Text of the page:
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147727 - Epps v 4 Quarters Restoration, LLC

Danny Epps and Joyce Epps,
 
Gerald F. Posner
 
Plaintiffs-Appellees/Cross-Appellants,
 
v
(Appeal from Ct of Appeals)
 
 
(Wayne – Sapala, M.)
 
4 Quarters Restoration, et al,
 
Roger L. Premo
 
Defendants-Appellants/Cross-Appellees,
 
and
 
 
AM Adjusting & Appraisals, et al,
 
 
 
Defendants.
 
 
 

Summary

This case involves flood cleanup and home repair work that defendant Troy Willis and his companies, defendants 4 Quarters Restoration, LLC and Emergency Insurance Services, performed for plaintiffs Danny and Joyce Epps. Willis was not licensed as a residential builder and his companies were not licensed. He misrepresented this fact to the Epps, who in turned signed contracts valued at $128,000 to retain Willis and his companies to perform repair work. The Epps also executed a limited power of attorney, giving Willis the authority to cash checks issued by the Epps’ insurance companies as reimbursement for the work performed. The repair work was completed, and Willis used the limited power of attorney to cash checks provided by the Epps’ insurance companies.  
 
About three years later, Mr. and Mrs. Epps sued, seeking to recover all of the insurance money that the Willis defendants had received for their work. Mr. and Mrs. Epps asserted that the unlicensed status of the Willis defendants, and the fact that they were not aware of the unlicensed status, meant that the documents assigning the insurance proceeds to Willis' companies, and the power of attorney were invalid.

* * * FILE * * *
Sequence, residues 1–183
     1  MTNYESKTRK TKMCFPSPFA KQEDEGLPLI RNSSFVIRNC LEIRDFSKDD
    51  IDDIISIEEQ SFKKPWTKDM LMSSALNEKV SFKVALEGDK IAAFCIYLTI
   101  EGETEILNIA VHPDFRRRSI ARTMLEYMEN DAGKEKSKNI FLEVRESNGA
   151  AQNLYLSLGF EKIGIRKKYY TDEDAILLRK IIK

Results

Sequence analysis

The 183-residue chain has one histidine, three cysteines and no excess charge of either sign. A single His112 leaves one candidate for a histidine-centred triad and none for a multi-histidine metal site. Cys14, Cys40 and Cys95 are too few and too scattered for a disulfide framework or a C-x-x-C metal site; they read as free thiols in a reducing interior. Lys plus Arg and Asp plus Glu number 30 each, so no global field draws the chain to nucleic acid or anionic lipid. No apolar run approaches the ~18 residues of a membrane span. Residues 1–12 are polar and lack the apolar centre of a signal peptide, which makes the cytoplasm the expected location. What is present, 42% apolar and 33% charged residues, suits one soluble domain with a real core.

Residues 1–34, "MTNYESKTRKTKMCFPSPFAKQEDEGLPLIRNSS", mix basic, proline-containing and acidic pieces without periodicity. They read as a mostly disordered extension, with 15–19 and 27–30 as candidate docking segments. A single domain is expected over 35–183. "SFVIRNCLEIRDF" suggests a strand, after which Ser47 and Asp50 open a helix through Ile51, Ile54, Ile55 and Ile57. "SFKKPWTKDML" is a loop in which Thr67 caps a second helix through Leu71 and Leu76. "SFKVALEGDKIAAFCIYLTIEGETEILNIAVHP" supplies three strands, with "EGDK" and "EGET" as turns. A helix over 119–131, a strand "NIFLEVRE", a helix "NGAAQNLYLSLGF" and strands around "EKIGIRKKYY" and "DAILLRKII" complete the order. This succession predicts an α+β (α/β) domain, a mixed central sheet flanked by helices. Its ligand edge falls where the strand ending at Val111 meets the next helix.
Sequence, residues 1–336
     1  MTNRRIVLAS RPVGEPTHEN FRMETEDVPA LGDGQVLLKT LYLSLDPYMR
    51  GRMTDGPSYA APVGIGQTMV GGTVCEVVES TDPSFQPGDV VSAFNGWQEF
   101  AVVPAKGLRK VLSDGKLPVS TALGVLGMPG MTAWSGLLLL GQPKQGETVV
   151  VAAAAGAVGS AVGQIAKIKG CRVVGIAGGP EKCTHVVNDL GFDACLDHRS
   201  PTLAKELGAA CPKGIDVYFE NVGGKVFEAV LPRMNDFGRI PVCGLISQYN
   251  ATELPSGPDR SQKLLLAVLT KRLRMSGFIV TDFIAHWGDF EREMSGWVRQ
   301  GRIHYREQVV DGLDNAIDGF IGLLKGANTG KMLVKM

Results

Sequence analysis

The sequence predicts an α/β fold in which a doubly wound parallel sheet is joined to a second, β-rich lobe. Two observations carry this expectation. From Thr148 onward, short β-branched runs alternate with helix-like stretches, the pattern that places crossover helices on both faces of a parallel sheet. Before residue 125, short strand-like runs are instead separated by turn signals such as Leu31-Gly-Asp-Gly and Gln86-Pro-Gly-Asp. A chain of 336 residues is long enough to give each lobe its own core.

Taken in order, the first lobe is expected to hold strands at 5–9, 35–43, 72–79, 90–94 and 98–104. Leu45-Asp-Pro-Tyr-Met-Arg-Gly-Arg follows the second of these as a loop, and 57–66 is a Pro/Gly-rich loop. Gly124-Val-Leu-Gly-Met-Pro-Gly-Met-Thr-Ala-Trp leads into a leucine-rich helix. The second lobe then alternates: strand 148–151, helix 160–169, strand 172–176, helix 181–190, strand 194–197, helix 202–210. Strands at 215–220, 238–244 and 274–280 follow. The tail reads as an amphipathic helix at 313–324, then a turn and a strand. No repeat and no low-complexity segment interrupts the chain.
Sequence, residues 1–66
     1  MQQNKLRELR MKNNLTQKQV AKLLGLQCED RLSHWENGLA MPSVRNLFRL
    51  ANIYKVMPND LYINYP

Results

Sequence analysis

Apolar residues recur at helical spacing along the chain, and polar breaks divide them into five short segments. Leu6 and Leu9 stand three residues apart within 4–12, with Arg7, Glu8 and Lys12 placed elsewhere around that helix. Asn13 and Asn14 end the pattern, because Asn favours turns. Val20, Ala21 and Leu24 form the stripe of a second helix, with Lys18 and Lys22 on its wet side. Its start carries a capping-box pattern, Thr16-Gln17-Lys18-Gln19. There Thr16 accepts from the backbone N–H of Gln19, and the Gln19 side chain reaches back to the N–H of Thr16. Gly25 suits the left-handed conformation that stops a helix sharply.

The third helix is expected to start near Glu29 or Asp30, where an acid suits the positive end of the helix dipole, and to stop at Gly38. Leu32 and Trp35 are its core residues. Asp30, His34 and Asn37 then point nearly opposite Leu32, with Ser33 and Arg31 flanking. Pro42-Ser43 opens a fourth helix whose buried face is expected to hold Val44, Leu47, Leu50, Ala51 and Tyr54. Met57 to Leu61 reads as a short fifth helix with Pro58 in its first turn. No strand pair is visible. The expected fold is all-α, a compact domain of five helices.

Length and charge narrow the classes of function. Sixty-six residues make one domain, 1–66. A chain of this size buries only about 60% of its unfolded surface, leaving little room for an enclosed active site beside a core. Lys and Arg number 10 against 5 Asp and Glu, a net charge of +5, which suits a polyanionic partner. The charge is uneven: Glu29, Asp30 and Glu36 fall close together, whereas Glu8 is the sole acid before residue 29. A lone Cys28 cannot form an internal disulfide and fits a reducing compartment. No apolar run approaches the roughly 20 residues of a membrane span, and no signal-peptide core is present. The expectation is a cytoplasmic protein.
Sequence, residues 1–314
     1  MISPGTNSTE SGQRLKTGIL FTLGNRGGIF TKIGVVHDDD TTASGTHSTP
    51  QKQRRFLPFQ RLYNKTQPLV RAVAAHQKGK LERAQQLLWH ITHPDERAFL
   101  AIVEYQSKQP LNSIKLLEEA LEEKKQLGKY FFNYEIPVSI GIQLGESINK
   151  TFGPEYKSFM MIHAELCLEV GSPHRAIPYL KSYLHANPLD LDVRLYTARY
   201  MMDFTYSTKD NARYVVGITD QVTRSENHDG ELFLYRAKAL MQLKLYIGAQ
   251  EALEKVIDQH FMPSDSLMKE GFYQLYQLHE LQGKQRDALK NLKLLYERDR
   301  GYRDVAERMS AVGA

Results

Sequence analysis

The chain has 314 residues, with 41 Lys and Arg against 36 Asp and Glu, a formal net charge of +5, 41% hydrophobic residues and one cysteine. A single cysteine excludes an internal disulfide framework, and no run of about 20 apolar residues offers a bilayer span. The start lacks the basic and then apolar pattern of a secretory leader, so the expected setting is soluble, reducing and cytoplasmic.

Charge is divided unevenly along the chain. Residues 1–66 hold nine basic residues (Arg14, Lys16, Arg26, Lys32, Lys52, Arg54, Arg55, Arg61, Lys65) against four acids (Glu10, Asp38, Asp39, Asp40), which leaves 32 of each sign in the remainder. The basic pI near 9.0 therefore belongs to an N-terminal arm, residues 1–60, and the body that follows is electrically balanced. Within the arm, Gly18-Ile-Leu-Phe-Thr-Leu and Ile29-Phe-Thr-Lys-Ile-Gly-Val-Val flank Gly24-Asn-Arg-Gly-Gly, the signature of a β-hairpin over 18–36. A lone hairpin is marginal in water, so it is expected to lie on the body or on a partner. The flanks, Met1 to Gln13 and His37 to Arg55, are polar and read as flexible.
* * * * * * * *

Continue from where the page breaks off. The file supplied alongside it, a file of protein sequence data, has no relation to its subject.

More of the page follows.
The trial court granted summary disposition to Mr. and Mrs. Epps. The court held that MCL 339.2412, which precludes an unlicensed contractor from bringing or maintaining a collection action, created a cause of action for the Epps. 
 
Defendants appealed. In an unpublished opinion per curiam, the Court of Appeals ruled that the trial judge had erred in holding that MCL 339.2412 created a cause of action in favor of the Epps. However, the Court of Appeals held that should be affirmed on an alternate ground -- fraud. The misrepresentation to Epps that Willis was a licensed residential builder rendered the various contracts void and meant that the insurance power of attorney was never valid. Willis lacked authority to endorse the insurance checks on behalf of Mr. and Mrs. Epps, the Court of Appeals panel held, and all of the insurance proceeds had to be returned to them.
 
Both the Epps and the Willis defendants sought leave to appeal to the Supreme Court. On June 13, 2014, the Supreme Court ordered oral argument on whether to grant the application or take other action and instructed the parties to address whether the contracts and limited power of attorney at issue are void or merely voidable, and whether the plaintiffs are required to establish actual damages to recover on their breach of contract and fraud/misrepresentation claims.